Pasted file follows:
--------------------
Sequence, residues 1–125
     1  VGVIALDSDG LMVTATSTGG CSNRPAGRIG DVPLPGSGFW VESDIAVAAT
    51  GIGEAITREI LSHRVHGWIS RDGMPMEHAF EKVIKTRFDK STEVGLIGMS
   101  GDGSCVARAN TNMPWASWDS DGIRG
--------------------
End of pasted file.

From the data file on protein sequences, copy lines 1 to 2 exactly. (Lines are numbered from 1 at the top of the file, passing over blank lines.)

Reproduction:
Sequence, residues 1–125
     1  VGVIALDSDG LMVTATSTGG CSNRPAGRIG DVPLPGSGFW VESDIAVAAT